Open Collections

UBC Theses and Dissertations

UBC Theses Logo

UBC Theses and Dissertations

The oral interaction of native speakers and non-native speakers in a multicultural preschool : a comparison… Kennedy, Elizabeth Anne 1988

Your browser doesn't seem to have a PDF viewer, please download the PDF to view this item.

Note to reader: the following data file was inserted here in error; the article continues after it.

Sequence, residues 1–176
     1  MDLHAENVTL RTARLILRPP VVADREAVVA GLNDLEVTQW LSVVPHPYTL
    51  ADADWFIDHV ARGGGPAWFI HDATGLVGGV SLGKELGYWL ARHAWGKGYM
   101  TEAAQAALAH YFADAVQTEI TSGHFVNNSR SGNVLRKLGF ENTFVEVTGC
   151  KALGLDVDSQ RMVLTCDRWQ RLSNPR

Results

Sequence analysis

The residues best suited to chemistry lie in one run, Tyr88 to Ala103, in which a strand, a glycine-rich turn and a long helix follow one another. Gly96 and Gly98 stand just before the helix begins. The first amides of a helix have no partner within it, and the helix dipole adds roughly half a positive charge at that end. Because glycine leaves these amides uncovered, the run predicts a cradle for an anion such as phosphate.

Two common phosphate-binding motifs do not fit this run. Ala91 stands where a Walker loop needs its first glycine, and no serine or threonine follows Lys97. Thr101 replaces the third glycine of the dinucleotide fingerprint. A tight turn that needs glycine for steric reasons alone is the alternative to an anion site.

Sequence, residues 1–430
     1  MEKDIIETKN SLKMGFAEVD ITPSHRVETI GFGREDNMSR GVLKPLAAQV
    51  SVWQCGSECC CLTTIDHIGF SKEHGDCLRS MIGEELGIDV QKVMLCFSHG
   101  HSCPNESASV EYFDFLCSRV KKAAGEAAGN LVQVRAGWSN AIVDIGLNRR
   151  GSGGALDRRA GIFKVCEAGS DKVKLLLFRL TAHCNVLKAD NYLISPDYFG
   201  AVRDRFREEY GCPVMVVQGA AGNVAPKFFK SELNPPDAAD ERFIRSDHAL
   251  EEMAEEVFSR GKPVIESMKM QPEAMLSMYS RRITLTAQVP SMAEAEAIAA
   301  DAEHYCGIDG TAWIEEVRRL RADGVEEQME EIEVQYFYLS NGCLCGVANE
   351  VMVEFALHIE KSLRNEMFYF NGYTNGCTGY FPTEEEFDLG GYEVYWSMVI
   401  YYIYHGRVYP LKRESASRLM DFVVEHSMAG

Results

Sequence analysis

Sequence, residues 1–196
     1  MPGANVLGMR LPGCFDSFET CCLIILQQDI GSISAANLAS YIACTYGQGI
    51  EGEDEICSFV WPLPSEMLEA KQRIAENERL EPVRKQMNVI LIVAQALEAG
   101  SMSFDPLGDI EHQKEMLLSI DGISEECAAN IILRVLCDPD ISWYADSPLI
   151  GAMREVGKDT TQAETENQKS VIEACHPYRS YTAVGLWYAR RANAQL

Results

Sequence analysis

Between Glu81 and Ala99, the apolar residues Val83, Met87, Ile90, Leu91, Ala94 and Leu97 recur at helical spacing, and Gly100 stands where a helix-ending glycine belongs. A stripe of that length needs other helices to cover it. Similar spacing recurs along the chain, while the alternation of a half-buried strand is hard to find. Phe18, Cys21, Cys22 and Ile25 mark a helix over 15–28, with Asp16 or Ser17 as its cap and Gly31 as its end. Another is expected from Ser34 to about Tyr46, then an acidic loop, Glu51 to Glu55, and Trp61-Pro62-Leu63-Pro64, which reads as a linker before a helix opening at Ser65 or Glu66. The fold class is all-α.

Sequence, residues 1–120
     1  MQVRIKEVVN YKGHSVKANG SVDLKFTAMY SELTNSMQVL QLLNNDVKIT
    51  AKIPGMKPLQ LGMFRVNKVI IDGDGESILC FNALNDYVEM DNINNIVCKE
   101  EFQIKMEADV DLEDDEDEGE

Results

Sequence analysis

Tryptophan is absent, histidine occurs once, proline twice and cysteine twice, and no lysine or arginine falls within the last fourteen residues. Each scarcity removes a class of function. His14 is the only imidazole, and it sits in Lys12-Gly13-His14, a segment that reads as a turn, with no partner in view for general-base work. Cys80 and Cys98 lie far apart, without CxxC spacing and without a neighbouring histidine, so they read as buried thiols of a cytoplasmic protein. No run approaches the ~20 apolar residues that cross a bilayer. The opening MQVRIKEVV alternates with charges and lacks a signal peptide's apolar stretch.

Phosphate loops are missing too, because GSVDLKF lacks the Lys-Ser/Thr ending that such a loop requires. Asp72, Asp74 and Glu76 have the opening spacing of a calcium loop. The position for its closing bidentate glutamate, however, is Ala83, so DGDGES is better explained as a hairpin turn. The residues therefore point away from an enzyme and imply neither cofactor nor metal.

Item Metadata


831-UBC_1988_A8 K45.pdf [ 3.33MB ]
JSON: 831-1.0054726.json
JSON-LD: 831-1.0054726-ld.json
RDF/XML (Pretty): 831-1.0054726-rdf.xml
RDF/JSON: 831-1.0054726-rdf.json
Turtle: 831-1.0054726-turtle.txt
N-Triples: 831-1.0054726-rdf-ntriples.txt
Original Record: 831-1.0054726-source.json
Full Text

Full Text